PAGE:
5 Ways to Make More Time to Read

This is a guest post by Robert Bruce, a full-time web writer for Dave Ramsey and a book blogger at 101 Books, where he is currently blogging through Time magazine’s Top 100 English-Speaking Novels. You can follow him on Twitter. If you want to guest post on this blog, check out the guidelines here.

“I don’t have time to read.”

When I tell people about my blog, that’s one of the comments I usually hear in response. The implication—or at least the way my possibly oversensitive mind takes it—“You must not have any life to read that many books … loser.”

Young Man Reading on His Bed - Photo courtesy of ©iStockphoto.com/Neustockimages, Image #14518282

Photo courtesy of ©iStockphoto.com/Neustockimages

Of course, I exaggerate. But, really, it’s a tension a lot of people in our overworked and overstressed society deal with. They understand that reading is important—after all, their second grade teacher made that clear. But nobody has the time to read a Dr. Seuss book, much less To Kill A Mockingbird or (gasp!) Infinite Jest.

In the last few years, I’ve dramatically changed my lifestyle. I’ve trained for five half marathons and two full marathons while working a full-time job. I’ve read 30 novels since last September. And, on top of all that, my wife and I had our first child last June. Kids have a slight effect on your schedule. Maybe you’ve heard?

Life is hectic around our house. But I’ve somehow managed to make time to read in the middle of all that. And I say that not to pat myself on the back but to show that, even with a busy life, it is possible (and important) to make time for hobbies you’re passionate about.

Here are a few tips that have helped me:

  1. Sacrifice something. You’ve got 24 hours in a day. You spend 8–10 hours (hopefully not much more) working. You spend 6–8 hours sleeping. You’ve got family and friends to spend time with every day. All of this doesn’t leave much time for other interests, like reading. So your golf game, like mine, might take a hit. You might have to turn off the television after 9:00 p.m. But, if reading is a priority, you’ll make time for it. As Jon Acuff puts it: “Be selfish at 5 a.m.”
  2. Make a routine. If I say I’m just going to “find time to read,” then it will never happen. I have to make time to read. So here’s what I do: I read during my lunch break, and I read at night, beginning around 8:45, after family time, after the wife and little guy are in bed.
  3. Set a goal. You’ve heard this so much that it’s clichéd. But it works. My goal is to read 101 novels. Usually, I would’ve given myself a deadline, but I didn’t want to speed read through the books, so I just chose to read them as they come. At my current pace, I’ll reach my goal in three more years. Maybe you should set a goal to read one book a month. If that seems unlikely, then make it one book every two months. And take it a step further—tell someone about your goal. Or, if you’re crazy like me, start a blog about it. There’s nothing like that extra accountability to keep you moving.
  4. Have fun. You don’t have to read a book simply because a friend suggested it, you know? Think about your hobbies, interests, and passions—then go and read about those subjects. I once spent five months reading nothing but casual, behind-the-scenes books about restaurants and chefs. I’m a chef groupie, I guess. Once you’ve read a few “fun” books, then dabble into the more serious, thought-provoking stuff.
  5. Mix it up. Once you get into the flow of reading, branch out of your comfort zone. If all you’ve read is nonfiction business books, then relax a little and pick up a novel. If you’ve plowed through Stephen King’s entire catalog in a few years, maybe it’s time to give a leadership or inspirational book a try. The point is: If you read the same style of book over and over, you’ll eventually get burned out and go back to watching two hours of Brady Bunch reruns every day…unless you’re reading 101 books for some crazy blog, of course.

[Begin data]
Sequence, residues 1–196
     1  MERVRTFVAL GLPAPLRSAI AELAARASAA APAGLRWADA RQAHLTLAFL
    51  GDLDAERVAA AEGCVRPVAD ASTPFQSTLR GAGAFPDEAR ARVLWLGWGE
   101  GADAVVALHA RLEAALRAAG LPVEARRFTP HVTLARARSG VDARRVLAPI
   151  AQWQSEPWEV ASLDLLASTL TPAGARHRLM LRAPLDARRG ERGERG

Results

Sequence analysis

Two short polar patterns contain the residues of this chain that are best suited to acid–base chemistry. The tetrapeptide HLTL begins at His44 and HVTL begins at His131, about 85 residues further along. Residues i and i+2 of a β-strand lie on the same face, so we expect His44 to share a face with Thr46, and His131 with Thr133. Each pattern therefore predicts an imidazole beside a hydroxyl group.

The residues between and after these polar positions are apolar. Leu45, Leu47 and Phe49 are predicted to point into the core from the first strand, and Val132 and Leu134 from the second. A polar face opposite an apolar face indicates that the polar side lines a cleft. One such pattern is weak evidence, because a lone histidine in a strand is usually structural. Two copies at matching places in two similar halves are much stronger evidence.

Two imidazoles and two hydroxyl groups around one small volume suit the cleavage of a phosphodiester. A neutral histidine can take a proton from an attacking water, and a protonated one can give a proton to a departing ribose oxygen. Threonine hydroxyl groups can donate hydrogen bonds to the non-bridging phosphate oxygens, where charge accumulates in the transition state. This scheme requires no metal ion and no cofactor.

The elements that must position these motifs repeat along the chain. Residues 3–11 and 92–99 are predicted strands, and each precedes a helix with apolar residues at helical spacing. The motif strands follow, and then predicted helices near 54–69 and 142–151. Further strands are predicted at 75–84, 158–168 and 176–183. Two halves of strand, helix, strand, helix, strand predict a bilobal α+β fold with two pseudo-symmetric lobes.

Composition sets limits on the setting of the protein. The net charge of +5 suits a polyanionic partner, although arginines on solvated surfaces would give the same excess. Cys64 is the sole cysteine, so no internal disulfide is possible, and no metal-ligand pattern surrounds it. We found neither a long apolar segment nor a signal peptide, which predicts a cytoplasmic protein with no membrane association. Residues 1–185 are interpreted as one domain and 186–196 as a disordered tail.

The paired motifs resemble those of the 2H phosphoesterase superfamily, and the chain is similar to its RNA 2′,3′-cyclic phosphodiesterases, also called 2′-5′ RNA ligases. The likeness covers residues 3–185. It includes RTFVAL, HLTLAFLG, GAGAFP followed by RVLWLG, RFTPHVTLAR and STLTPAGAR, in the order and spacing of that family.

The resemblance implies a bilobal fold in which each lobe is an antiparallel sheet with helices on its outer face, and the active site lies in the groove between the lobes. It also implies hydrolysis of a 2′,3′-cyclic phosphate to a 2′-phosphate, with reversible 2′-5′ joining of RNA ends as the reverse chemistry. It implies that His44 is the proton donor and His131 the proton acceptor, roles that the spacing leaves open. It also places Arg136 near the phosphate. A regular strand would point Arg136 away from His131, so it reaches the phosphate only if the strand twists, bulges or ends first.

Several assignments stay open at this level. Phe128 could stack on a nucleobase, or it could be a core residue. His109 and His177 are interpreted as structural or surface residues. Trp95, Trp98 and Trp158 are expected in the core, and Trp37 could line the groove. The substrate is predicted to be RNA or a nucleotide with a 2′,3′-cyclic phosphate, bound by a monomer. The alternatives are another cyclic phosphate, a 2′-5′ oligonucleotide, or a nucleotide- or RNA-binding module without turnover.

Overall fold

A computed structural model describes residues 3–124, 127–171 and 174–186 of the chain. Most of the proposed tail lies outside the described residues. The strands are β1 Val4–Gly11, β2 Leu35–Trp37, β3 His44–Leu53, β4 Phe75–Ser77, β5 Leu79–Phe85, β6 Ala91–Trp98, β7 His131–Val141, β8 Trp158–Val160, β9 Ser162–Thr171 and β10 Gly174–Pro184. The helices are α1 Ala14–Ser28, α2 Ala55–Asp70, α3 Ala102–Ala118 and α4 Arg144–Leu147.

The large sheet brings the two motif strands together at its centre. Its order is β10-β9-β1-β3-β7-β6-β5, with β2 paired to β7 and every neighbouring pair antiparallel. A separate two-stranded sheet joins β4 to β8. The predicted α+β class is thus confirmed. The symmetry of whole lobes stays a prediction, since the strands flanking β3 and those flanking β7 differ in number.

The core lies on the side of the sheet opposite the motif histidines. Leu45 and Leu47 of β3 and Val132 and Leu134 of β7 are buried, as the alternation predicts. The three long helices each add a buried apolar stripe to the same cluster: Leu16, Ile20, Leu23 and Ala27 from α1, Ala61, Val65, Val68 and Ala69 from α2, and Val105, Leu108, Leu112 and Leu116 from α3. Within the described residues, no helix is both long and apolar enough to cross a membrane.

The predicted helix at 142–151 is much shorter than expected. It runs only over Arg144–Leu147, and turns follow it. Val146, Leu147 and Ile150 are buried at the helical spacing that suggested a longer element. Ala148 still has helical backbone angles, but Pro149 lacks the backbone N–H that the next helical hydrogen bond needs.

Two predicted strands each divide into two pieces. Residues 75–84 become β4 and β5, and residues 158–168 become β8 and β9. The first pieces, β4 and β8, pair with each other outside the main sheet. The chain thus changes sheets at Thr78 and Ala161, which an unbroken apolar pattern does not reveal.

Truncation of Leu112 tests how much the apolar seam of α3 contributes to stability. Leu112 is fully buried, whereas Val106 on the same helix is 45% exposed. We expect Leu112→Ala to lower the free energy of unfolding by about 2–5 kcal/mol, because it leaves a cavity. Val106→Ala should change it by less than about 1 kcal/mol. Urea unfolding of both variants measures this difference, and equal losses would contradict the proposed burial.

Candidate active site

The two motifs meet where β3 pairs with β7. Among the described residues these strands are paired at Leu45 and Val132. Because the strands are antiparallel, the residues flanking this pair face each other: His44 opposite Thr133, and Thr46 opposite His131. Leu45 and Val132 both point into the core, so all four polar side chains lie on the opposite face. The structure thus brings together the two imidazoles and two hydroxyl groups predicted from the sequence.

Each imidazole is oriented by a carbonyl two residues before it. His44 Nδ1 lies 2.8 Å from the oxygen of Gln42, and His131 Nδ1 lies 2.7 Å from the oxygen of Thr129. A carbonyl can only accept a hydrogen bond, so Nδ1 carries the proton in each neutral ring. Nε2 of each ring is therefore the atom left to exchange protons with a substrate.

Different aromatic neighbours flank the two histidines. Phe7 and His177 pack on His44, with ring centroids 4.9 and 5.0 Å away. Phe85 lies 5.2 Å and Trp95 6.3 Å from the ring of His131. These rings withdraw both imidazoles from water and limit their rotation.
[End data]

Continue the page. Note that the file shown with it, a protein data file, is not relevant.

As a result of these basic steps, I’ve dramatically altered my lifestyle over the last year. If I’m not at work or spending time with family or friends, I’m probably reading. At 9:00 every evening, you can probably find me in my “man cave,” in my chair, lights dimmed, reading a book or updating my blog. I wouldn’t have it any other way.

Hopefully, one day, my mind will thank me for the daily exercise. As Dr. Seuss says, “The more that you read, the more things you will know. The more that you learn, the more places you’ll go.”

And who’s going to argue with Dr. Seuss?

Question: How could you make more time for reading? You can leave a comment by clicking here.
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  • Heather

    As I college student I can totally relate to all of this. My friends will catch me reading a book non-school related and gasp because they just dont see how I could possibly have the time to do such a thing. For me it’s a matter of keeping my sanity. With all of the reading that I’m forced to do for school I need to chose something for myself that I can just enjoy. It’s a way of relaxing while still letting my mind be active, whereas watching a movie means becoming a vegetable for
    A couple of hours. I normally take 30 minutes everyday or every other day, depending on the homework load for the week, and just dedicate it to my book of choice. I switch between more difficult authors, like c.s Lewis, and easier more modern day novelists. (I’m just a lover of a good story). The last one that I read was The Help by: Kathryn Stocket and I must say it was so fantastic.
    I will also say that having my iPad makes reading so accessible when traveling. I still prefer the feel of a real book, but ebooks have become a huge part of my life.

  • http://brevis.me Robert Ewoldt

    Robert, thanks for the great advice.  I especially liked #5-”Mix it up.”  This is a good thing for me to hear… I typically read a narrow range of books–non-fiction, mostly.  I’ll have to look into some fiction books :)

  • http://www.joyfullythriving.com Kristen

    What a great reminder of ways to make reading take precedence in your life. Last year, I started writing down all the books I read and found that I read 97 books. I was so disappointed that I didn’t make it to 100! That’s my goal for this year…and I’m almost there. Making reading a priority is so important. Thanks for that reminder!